To make it happen, workers will have to carve a total of 63 tunnels through some 11 miles of stone. They'll also have to raise 32 bridges, including one that will become the second highest span in the world. Work on the road officially kicked off in 2005, though crews just got started cutting their way through the Devil's Backbone last year. Workers have already begun digging the longest tunnel – a 1.6 mile behemoth.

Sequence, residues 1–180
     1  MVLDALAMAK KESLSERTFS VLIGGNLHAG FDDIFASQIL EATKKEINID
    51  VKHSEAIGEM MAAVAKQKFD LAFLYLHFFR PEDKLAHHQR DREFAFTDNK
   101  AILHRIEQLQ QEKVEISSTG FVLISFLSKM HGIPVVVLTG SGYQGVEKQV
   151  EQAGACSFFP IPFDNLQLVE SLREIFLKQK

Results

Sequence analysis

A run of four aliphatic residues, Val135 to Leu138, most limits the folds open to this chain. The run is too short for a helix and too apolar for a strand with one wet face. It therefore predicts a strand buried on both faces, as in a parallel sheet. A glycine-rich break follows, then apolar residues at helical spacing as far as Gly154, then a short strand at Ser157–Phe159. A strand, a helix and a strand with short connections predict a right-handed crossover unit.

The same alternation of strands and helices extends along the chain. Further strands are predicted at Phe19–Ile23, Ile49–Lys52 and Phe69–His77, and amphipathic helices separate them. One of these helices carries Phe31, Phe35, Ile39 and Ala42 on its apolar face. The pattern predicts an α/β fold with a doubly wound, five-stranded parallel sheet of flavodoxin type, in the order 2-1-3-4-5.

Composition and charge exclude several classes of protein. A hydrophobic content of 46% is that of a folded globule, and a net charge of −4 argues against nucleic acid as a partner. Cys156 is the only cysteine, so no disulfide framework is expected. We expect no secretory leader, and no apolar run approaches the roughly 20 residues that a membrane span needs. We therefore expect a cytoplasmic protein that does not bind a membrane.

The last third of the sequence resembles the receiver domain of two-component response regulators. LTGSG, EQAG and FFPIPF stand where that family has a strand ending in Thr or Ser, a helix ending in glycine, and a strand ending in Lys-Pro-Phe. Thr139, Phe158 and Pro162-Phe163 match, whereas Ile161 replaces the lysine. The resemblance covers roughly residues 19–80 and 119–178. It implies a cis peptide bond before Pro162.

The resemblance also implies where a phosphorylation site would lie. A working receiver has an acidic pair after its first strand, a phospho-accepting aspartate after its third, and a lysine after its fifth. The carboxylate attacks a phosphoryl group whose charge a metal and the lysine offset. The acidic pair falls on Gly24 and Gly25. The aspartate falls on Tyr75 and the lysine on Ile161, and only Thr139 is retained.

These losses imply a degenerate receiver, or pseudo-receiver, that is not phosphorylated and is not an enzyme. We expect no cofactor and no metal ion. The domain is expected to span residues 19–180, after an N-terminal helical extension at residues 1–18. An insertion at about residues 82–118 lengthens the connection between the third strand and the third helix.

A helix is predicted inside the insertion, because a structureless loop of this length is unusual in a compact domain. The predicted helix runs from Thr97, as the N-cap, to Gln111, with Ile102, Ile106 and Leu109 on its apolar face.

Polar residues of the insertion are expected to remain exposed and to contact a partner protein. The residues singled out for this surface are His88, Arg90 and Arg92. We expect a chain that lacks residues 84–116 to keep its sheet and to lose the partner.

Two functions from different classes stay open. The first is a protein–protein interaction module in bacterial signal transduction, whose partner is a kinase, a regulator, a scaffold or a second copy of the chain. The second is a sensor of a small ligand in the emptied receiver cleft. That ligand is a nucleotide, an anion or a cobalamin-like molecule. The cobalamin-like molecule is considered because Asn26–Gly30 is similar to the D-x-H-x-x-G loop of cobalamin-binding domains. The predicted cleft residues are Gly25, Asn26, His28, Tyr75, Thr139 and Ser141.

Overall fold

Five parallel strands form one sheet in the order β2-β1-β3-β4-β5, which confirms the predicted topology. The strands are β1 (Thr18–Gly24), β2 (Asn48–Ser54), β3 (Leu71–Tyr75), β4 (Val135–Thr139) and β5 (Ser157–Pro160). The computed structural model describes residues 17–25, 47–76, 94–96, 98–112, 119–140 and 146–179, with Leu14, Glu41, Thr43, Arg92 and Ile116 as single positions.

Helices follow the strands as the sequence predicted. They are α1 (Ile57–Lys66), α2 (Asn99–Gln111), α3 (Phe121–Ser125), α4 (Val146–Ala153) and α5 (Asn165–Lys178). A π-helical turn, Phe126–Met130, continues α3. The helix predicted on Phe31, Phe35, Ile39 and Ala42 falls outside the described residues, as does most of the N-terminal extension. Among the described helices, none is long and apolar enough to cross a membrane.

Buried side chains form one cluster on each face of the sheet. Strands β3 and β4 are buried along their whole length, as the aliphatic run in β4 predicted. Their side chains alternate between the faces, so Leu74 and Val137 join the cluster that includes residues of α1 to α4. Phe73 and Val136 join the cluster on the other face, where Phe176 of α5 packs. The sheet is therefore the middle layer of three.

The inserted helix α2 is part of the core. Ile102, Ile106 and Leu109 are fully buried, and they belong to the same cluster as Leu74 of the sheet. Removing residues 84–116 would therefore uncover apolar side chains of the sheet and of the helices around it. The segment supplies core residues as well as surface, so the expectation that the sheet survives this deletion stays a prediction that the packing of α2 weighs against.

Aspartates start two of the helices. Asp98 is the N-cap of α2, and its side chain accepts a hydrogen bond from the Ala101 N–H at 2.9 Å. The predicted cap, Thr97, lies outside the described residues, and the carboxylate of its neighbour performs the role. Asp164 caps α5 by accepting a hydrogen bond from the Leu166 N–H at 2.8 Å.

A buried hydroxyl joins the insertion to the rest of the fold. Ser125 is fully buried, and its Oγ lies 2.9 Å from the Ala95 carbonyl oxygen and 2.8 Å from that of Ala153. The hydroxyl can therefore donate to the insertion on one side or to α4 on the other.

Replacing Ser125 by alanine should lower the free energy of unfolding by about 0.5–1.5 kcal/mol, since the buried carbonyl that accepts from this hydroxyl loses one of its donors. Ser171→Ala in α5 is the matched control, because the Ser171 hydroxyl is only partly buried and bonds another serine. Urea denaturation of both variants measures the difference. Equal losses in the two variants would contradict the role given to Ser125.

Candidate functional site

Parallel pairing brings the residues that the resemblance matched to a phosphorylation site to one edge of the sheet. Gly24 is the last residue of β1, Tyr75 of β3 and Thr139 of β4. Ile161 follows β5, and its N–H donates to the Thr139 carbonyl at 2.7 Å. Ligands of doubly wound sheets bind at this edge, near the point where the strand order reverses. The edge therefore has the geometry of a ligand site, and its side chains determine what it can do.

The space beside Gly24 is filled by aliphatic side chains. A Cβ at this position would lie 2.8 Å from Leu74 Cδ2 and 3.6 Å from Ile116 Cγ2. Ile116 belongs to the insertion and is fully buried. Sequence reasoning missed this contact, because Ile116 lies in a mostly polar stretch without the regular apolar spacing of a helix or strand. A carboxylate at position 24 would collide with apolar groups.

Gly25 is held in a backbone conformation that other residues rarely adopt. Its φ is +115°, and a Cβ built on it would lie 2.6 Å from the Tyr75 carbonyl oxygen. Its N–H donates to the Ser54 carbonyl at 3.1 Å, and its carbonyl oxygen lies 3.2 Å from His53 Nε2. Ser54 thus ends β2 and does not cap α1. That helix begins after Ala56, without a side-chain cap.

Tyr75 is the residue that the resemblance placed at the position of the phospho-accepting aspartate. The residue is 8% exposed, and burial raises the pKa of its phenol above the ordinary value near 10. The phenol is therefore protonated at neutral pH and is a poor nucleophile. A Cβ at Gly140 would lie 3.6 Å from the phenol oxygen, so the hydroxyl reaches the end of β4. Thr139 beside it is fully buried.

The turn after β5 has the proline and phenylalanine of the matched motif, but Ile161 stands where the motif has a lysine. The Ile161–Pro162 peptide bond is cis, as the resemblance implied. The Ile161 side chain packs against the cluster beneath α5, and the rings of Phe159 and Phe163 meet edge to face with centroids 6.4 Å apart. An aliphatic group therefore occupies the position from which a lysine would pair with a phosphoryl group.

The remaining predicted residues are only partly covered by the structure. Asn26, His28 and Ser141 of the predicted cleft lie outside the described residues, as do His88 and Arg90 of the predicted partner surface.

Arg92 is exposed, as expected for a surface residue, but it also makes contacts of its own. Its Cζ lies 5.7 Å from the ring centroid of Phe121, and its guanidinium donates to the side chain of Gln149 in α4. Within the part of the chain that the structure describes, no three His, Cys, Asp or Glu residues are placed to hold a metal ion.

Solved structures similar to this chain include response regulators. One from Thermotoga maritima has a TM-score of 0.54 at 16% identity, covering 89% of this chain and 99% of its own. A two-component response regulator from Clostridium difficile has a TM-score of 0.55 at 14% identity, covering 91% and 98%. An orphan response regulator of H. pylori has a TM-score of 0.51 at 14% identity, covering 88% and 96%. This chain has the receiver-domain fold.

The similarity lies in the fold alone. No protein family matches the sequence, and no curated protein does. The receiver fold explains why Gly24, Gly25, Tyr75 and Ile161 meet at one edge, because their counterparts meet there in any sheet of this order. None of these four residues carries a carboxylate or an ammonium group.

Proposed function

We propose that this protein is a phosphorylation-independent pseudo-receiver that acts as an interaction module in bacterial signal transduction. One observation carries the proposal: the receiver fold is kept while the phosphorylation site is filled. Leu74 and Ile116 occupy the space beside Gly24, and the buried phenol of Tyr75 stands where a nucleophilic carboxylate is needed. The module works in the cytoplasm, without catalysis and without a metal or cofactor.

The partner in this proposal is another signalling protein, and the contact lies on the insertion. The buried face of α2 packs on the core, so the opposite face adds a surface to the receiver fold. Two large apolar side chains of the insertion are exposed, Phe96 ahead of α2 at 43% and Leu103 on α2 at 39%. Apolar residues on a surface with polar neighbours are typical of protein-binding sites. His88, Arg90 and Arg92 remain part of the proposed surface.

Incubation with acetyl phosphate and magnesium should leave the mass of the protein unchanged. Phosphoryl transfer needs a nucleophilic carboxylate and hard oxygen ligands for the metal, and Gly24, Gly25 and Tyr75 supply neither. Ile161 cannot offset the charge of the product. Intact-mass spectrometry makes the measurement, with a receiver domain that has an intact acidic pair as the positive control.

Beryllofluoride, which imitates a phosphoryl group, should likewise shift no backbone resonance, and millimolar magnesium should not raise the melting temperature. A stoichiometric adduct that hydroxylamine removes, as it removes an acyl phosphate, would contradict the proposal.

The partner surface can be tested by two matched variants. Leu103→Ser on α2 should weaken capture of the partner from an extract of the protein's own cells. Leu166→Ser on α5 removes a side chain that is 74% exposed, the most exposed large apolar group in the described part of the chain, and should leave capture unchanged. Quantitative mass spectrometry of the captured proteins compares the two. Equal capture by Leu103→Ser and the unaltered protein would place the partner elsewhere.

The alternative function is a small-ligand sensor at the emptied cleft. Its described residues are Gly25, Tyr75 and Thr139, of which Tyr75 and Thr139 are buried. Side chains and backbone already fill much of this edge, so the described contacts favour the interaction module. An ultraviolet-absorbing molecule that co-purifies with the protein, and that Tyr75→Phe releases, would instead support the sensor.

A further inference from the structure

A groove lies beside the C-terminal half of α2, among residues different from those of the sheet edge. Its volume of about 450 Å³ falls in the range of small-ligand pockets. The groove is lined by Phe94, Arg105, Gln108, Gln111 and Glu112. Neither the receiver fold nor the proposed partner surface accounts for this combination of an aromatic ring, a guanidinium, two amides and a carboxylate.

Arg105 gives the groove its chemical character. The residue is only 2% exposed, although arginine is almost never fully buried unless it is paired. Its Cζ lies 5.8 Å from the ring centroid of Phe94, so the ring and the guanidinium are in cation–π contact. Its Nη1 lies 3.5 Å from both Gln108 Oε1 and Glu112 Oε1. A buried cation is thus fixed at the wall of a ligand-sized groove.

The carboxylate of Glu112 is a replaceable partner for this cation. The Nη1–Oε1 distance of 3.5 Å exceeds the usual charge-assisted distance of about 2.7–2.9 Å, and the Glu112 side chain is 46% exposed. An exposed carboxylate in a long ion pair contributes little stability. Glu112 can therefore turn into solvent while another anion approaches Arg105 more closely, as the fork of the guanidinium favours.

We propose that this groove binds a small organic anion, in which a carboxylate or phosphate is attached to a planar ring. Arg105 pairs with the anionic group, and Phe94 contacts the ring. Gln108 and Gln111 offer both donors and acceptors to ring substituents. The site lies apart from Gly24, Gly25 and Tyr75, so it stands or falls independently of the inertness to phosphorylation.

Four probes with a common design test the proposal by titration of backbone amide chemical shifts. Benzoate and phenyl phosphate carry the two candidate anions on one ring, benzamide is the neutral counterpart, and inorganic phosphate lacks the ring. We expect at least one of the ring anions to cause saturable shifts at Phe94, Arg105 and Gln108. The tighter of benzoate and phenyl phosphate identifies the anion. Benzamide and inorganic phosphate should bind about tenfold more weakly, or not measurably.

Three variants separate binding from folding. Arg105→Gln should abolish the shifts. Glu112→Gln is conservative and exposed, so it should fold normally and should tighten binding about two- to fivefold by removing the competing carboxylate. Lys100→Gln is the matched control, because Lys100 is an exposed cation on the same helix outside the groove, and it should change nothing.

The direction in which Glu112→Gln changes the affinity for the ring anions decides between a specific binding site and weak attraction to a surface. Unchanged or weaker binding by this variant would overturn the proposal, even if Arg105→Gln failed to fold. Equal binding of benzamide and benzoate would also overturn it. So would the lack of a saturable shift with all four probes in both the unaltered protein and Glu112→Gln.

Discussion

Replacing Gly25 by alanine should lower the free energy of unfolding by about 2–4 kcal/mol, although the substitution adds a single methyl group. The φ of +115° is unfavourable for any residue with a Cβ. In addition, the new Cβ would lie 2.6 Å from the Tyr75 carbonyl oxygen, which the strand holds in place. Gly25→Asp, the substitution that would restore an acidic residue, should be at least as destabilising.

Mexico has a lot riding on the road. The land between Durango and Mazaltan has been difficult to access in the past, and as a result, there have been few jobs. Most local citizens have turned to the drug trade for work in one aspect or another, and the area has become one of the country's largest producers of marijuana and opium. With the new highway in place, federal officials are hoping both tourism and industry will flow into the area and supplant drug-based jobs with higher-earning options.
[Source: USA Today | Image: Google Maps]